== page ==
1. "The William J. Larsen Distinguished Lecture Series" University of Cincinnati, College of Medicine.
3. 2022 Larsen Lecture Series brochure (download here)
4. Dr. Larsen's family personal communications

 "Clinical Anatomy Associates, Inc., and the contributors of "Medical Terminology Daily" wish to thank all individuals who donate their bodies and tissues for the advancement of education and research”.

Click here for more information

abebooks banner



Canal of Nuck

The "Canal of Nuck" is the patent embryological remnant of the processus vaginalis in the female. The processus vaginalis is an extension of the peritoneum that forms to the side of the gubernaculum, a small fibrous cord that is attached to the lower pole of the gonad in the embryo. On the other end, the gubernaculum attaches to the inner aspect of the labioscrotal fold, an embryonic structure that will become the scrotum in the male and the labia majora in the female.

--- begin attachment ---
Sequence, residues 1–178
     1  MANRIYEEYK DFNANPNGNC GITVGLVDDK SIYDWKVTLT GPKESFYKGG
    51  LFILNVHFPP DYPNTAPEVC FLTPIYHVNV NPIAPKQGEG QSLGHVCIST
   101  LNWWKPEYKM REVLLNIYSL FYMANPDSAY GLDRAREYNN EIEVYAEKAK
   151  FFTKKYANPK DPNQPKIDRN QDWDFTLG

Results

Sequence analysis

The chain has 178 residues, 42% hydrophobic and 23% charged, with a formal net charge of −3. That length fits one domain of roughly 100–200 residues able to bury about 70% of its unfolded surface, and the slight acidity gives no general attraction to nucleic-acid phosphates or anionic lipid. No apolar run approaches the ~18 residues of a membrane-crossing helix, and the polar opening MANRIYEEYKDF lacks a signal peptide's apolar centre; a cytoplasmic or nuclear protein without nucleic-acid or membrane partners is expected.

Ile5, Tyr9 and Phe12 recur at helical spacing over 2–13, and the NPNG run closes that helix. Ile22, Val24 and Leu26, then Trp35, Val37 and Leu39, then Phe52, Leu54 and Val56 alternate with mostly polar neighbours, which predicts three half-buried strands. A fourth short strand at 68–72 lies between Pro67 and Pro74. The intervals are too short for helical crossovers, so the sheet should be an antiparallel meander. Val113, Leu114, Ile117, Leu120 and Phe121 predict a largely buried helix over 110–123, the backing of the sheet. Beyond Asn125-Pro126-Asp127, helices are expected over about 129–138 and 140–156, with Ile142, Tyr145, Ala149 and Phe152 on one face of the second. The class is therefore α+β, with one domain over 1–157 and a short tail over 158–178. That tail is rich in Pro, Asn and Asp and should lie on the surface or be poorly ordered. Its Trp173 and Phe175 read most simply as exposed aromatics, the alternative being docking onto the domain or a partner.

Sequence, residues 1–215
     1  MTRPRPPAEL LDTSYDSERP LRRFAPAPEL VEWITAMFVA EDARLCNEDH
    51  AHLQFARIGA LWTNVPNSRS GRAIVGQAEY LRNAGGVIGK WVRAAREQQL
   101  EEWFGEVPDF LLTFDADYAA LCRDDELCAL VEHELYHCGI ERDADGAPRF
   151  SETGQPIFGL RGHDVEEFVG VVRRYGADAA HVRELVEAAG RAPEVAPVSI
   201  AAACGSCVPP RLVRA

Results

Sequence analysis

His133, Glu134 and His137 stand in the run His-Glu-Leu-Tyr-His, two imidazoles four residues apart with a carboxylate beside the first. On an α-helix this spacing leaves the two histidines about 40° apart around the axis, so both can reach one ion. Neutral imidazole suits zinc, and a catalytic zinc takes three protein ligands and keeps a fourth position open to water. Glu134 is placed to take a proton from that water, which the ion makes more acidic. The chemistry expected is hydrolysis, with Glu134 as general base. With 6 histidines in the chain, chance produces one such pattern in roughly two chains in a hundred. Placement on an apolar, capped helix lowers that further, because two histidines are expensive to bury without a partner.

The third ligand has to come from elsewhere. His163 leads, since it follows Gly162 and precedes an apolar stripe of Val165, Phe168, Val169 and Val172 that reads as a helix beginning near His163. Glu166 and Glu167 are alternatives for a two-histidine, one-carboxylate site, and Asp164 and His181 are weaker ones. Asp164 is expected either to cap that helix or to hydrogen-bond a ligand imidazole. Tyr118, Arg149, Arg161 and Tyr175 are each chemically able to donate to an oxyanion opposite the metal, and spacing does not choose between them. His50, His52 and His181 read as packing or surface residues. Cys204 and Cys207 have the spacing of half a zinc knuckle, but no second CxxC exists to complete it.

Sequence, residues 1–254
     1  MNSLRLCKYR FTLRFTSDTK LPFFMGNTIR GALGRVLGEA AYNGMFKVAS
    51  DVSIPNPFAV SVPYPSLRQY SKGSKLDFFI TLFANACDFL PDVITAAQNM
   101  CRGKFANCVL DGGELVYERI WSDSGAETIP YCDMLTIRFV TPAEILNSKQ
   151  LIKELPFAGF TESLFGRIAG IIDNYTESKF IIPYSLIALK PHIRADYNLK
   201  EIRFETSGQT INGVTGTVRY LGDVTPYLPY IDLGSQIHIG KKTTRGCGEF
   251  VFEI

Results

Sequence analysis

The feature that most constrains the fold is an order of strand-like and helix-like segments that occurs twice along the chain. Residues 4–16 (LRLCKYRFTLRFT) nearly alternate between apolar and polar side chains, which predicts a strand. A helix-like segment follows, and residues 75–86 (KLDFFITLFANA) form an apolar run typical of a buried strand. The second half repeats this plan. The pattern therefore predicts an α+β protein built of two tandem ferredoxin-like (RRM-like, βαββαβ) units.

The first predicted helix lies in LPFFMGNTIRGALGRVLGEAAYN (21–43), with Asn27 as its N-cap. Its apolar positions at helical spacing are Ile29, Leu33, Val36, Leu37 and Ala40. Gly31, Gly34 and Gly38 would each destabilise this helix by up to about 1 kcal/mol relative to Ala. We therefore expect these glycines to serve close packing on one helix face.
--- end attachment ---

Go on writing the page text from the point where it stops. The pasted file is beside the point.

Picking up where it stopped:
In the male, the processus vaginalis accompanies the gubernaculum and the testicle, on its descent towards the scrotum. In the female, the gonad (ovary) stays in the pelvis and the embryological remnants of the gubernaculum become the proper ovarian ligament (uteroovarian ligament) and the round ligament of the uterus which enters the inguinal canal, splits into multiple small fibers that disappear in the tissues of the labium majus.

In the male (and female) the walls of the processus vaginalis normally fuse, closing the communication between the scrotum (and the labia majora) and the main peritoneal cavity. If they remain open, the name is different, although the pathological consequences are similar (hernia, cysts or hydrocele). In the male, it is called a “patent processus vaginalis”, and in the female it is called the “Canal of Nuck”, which is found patent in 10-20% of the cases, although its presence does not per se imply the presence of pathology.